All enthusiasm and no direction? You’re not alone. While many have a drive to start their own business and create wealth for themselves, the reality is that most can’t seem to get off the start line. People tend to have this grand vision of themselves at a point later in life, with the freedom of working on their own terms and perhaps a nice big house, but aren’t sure how to progress towards that point today.
For many people I know, the problem isn’t a lack of passion. They are completely subscribed to the ideology of entrepreneurship and its goals, which have been highly glamorised by society and popular culture in recent history. The primary issue with their aspirations is that they just don’t know where to start.
Offering a dose of sage wisdom for these individuals is Jay Samit, billionaire and self-professed ‘serial disruptor’. He is the founder of multiple tech startups, including the company that became eBay, and now advises companies like LinkedIn and Deloitte. Put simply, Samit has made his buck by identifying shortcomings in established industries caused by large companies which are not agile enough to keep innovating in step with technological advances.
The best examples of disruption can be seen in the digital world – such as Uber’s culling of the taxi industry and Airbnb’s shakeup of the accommodation industry. Note just how asset-lean these startups are: Uber is the biggest transport company, but owns no vehicles; Airbnb is the biggest accommodation company, but owns no rooms.
Samit has been in the thick of this revolution, a point in time which he calls the ‘era of endless innovation’. He likens today’s conditions to those a century ago, where the invention of the tractor and irrigation methods eliminated millions of farming jobs, thereby freeing a workforce to power what became the industrial revolution. Samit believes that artificial intelligence, big data, augmented reality and blockchain have the potential to upheave society once again.
But do you really have to think that big? There are some remarkably ‘stupid’ ideas that become enormous successes. We recently had a look at five of the most simple products to ever feature on Shark Tank and subsequently make it big – a read of this will have you seriously re-assessing your potential. I mean, the second most successful product in Shark Tank history is literally a sponge which now has sales of US$50 million per year. Not enough? Let’s not forget that some bloke once put holes in a blanket, called it the Snuggie, and sold US$40 million worth in the first three months.
For those looking to identify opportunities, no matter how trivial, the billionaire recommends a simple method. Every day for a 30 day period, write down three problems you encounter. They can be anything, as long as they are some issue or inconvenience you see in the world. In the first few days, you’ll likely find your problems to be massive and generally vague such as “traffic” or “wasted food”. But as you’re forced to make a habit of noting three issues you find, you’re forced to look more analytically at your environment.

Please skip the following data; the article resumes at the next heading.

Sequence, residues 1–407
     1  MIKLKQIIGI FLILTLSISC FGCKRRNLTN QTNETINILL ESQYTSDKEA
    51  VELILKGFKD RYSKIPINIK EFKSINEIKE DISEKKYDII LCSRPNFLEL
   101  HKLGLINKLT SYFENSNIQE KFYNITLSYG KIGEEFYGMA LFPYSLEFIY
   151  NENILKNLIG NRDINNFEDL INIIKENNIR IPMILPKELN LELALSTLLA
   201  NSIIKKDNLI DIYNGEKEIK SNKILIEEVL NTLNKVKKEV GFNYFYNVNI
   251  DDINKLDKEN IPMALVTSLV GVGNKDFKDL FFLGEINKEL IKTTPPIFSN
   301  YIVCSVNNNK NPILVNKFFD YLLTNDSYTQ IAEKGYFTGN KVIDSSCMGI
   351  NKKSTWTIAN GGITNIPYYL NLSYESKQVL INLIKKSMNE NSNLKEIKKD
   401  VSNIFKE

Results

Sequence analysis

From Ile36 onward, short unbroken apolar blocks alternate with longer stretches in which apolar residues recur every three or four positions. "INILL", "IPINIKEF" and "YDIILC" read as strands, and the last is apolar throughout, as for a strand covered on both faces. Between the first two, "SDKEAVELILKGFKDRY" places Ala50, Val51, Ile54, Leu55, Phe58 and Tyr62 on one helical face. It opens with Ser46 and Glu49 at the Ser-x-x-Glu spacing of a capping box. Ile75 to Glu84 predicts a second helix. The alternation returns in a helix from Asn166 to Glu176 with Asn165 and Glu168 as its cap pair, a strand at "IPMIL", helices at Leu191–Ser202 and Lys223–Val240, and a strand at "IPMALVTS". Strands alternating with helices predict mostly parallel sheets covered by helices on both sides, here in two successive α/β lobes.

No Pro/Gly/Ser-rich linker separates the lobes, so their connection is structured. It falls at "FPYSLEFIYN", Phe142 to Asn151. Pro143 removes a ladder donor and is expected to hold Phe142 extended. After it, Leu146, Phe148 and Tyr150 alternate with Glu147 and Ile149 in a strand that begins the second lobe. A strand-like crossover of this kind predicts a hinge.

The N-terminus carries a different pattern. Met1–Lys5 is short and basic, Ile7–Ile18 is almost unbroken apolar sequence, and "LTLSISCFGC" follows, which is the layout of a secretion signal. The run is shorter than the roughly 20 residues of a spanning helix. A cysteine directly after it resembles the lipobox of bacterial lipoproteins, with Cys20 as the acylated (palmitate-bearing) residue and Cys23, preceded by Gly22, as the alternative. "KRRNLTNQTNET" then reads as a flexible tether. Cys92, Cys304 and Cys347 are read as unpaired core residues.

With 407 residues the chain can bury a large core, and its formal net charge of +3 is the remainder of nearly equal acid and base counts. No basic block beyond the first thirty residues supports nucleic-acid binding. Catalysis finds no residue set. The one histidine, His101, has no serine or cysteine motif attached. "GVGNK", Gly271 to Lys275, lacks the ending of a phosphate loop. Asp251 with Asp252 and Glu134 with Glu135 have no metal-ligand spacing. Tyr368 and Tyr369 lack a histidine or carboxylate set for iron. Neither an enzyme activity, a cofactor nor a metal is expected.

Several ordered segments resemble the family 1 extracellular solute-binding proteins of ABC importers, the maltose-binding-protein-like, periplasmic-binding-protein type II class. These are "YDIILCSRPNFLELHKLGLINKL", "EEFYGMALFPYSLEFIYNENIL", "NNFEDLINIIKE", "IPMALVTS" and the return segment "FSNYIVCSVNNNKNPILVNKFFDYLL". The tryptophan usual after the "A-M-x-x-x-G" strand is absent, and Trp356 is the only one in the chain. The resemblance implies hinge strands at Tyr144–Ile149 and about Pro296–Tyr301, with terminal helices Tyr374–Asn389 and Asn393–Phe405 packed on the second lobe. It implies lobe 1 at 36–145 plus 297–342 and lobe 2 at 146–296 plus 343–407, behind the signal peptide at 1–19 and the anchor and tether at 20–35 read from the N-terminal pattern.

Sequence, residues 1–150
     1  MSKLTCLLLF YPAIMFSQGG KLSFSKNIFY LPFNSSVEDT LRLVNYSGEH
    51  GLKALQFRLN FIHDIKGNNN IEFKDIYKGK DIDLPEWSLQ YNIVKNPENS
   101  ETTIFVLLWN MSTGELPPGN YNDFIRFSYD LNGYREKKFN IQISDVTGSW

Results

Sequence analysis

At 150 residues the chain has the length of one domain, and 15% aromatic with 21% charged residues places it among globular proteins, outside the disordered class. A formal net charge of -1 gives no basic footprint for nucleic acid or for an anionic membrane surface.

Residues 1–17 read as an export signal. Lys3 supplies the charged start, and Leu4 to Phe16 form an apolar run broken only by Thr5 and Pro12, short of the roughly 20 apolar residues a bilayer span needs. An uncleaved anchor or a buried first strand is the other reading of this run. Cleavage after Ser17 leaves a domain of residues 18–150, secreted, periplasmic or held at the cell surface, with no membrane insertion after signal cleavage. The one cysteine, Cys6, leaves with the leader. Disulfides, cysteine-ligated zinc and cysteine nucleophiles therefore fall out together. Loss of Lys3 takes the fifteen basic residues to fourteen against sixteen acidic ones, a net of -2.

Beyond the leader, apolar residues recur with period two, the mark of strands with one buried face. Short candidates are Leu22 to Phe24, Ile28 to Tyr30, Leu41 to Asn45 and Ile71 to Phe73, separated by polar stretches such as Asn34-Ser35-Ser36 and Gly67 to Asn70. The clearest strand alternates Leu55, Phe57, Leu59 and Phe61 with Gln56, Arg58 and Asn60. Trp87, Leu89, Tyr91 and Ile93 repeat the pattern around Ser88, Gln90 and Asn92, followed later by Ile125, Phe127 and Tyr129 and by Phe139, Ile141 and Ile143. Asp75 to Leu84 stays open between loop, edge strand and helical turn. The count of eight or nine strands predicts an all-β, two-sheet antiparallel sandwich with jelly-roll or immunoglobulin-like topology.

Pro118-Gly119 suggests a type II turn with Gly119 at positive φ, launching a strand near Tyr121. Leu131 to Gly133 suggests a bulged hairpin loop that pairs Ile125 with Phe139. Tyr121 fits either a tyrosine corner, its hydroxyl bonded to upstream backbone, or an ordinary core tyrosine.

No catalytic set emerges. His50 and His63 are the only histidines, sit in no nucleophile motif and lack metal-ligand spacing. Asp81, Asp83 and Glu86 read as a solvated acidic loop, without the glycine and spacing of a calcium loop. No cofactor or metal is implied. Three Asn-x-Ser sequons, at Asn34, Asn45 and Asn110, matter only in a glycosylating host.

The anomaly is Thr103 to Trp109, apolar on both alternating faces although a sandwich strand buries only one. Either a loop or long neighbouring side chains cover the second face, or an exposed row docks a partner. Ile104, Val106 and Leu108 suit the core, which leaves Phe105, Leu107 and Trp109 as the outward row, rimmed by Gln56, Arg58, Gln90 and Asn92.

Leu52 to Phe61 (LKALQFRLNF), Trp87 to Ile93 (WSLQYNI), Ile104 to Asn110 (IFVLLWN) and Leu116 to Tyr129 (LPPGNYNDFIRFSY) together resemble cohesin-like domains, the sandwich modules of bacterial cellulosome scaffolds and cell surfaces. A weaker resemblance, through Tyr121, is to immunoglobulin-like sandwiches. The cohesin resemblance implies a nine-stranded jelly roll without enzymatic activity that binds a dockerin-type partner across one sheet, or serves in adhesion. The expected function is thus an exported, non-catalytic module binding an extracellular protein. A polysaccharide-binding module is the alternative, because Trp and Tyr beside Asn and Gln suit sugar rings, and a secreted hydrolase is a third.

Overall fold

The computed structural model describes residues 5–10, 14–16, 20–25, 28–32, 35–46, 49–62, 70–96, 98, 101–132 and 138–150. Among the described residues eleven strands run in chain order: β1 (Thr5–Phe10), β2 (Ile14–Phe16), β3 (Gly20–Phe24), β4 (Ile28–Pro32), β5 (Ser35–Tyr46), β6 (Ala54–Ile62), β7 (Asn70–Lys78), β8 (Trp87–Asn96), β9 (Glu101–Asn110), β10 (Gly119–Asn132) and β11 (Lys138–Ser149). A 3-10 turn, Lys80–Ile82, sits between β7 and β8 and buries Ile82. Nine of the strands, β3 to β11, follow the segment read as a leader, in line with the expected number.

After thirty days, you have ninety problems. But they aren’t just problems, they’re opportunities to provide a solution. If you’ve managed to find these things an inconvenience, that means so have a lot of others: others that are willing to pay for convenience.
A few days into trying this technique, I realised that it wasn’t really about nitpicking everything that you could. Rather, it teaches you a way of thinking. Sub-consciously, you begin assessing everything around you for how it can be improved, and this forms the core of a sound business idea. In the word’s of Alibaba founder Jack Ma: “Opportunity lies in the place where complaints are.”
These are a few example problems and solutions I came up with over the period, with the most specific coming later in the 30 days:
As you can see, these aren’t exactly kindling for the next billion-dollar company, but they do illustrate how this analytical state of mind over time can produce an idea that is. So now that you’ve got an idea, how do you know if it’s worth pursuing?
Try your best to kill it. Samit embraces the notion of the ‘zombie idea‘ – the mythical idea that simply cannot be destroyed. Most prospective entrepreneurs have a tendency to shelter their big business idea, either out of fear someone exposes its flaws and they have to start again or fear of judgement. It’s the same reason people don’t practise speeches to their inner circle before presentation day, and it’s completely counter-intuitive.
Instead, you should try your absolute best to kill your idea. Pitch it to as many people as possible and beg them to critique it. The logic is this: you’d rather find a fatal flaw on Day 0 than Day 100. If your idea withstands these attacks, you’ve found your zombie idea.